Plagiarism is apparently rampant in the Blogosphere… Oh dear…
One thing that is clear to me as I scan blogs is that few are content originators. Most are what I call “content illuminators“. These are people who take other content and cast a new light on it with thoughtful observations and commentary. The majority seem to be “content pointers” – directing readers to news and views of interest.
The BG piece seems to confuse, at times, plagiarism and content origination. There is a difference between pointing to and illuminating others work and representing their content as your own. Maybe I misread the piece. My rules are simple – where you exclusively became aware of something via another blogger, show a little link love. And, do unto others as you’d have them do to you – don’t knowingly steal content.
And, there is the story on the front page of the FT last week (Lucy Kellaway’s piece in the FT is worth the subscription price alone…) of the Raytheon CEO who’s book – Unwritten Rules of Management – Raytheon distributed more than one-quarter of a million copies of. As the FT tells it:
“… a young engineer who spotted that 17 of the rules bore an uncanny resemblance to a book called The Unwritten Laws of Engineering published in 1944 by W.J. King. The young man wrote this up in his blog. From there, the story made it into newspapers.” FT
Eventually his board nailed him by requiring him to forgo his pay rise for the year. It seems they have pulled the Rules, but here is a pretty good synopsis.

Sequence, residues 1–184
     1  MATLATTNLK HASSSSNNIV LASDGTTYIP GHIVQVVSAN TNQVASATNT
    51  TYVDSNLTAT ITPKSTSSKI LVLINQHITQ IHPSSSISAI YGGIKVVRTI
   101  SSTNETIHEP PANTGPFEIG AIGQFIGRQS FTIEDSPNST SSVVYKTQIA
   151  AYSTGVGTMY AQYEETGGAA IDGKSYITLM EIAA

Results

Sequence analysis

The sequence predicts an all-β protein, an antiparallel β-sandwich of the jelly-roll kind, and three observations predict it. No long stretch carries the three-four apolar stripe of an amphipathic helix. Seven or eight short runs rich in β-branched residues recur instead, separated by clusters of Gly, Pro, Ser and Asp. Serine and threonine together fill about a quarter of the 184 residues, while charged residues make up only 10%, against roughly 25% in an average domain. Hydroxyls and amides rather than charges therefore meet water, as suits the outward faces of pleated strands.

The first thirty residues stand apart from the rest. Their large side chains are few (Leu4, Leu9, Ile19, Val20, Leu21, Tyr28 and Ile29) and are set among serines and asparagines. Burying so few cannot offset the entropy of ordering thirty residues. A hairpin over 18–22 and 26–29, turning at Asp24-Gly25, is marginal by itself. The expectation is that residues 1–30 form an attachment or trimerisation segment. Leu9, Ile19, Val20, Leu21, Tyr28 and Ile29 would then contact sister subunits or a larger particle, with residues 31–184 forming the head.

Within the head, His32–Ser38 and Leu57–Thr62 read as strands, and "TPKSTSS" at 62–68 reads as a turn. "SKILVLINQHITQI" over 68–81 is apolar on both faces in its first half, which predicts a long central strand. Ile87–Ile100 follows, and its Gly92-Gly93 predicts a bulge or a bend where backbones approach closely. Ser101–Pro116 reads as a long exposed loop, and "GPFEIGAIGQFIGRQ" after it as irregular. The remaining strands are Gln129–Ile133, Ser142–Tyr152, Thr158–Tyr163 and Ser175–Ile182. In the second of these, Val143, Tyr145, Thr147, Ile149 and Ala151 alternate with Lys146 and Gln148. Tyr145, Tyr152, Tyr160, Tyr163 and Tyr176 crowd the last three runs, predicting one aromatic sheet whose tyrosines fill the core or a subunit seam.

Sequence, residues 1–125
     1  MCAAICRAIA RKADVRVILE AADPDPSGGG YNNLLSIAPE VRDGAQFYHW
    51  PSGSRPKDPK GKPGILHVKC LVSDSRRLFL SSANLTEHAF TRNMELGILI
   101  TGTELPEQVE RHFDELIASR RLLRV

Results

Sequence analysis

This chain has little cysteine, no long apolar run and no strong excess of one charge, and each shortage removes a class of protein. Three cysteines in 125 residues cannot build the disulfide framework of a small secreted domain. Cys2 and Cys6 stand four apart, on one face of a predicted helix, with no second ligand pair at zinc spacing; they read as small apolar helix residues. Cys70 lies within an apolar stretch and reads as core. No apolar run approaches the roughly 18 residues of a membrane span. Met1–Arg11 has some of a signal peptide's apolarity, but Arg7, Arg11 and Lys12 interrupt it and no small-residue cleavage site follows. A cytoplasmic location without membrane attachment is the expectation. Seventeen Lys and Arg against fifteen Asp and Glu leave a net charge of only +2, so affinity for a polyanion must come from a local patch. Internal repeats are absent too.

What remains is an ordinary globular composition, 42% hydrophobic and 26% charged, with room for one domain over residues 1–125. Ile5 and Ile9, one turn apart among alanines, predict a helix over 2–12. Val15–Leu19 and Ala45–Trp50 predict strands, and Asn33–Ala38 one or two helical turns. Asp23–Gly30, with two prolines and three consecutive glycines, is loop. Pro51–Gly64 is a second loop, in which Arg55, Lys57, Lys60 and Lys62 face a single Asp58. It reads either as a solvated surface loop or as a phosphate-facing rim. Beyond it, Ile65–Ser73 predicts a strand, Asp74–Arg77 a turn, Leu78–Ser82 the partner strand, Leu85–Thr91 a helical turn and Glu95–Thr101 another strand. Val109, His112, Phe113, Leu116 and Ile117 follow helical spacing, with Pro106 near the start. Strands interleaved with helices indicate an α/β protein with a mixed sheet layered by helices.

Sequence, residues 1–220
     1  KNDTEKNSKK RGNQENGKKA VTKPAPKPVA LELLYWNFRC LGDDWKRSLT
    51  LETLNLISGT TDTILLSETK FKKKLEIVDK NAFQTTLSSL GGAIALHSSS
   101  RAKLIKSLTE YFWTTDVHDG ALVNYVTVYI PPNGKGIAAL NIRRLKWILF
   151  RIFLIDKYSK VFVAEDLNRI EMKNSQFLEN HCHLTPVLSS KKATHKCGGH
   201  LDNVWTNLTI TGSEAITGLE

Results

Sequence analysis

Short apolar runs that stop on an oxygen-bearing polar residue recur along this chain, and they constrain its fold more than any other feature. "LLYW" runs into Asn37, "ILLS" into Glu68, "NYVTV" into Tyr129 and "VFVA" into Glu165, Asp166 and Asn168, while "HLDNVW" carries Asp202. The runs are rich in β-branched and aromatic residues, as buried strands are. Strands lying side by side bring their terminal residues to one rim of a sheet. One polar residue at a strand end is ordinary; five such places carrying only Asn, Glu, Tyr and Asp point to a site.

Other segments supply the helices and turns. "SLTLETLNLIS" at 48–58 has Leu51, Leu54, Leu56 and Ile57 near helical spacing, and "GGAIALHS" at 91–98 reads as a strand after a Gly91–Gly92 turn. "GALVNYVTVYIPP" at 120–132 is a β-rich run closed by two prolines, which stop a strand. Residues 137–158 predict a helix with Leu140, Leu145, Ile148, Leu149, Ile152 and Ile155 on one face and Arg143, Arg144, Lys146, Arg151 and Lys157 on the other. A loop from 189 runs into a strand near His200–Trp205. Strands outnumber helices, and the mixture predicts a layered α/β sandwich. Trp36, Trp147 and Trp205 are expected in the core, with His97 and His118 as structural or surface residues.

. . . this is the second problem with plagiarism. It is not merely extremist. It has also become disconnected from the broader question of what does and does not inhibit creativity. We accept the right of one writer to engage in a full-scale knockoff of another—think how many serial-killer novels have been cloned from “The Silence of the Lambs.” Yet, when Kathy Acker incorporated parts of a Harold Robbins sex scene verbatim in a satiric novel, she was denounced as a plagiarist (and threatened with a lawsuit). When I worked at a newspaper, we were routinely dispatched to “match” a story from the Times: to do a new version of someone else’s idea. But had we “matched” any of the Times’ words—even the most banal of phrases—it could have been a firing offense. The ethics of plagiarism have turned into the narcissism of small differences: because journalism cannot own up to its heavily derivative nature, it must enforce originality on the level of the sentence.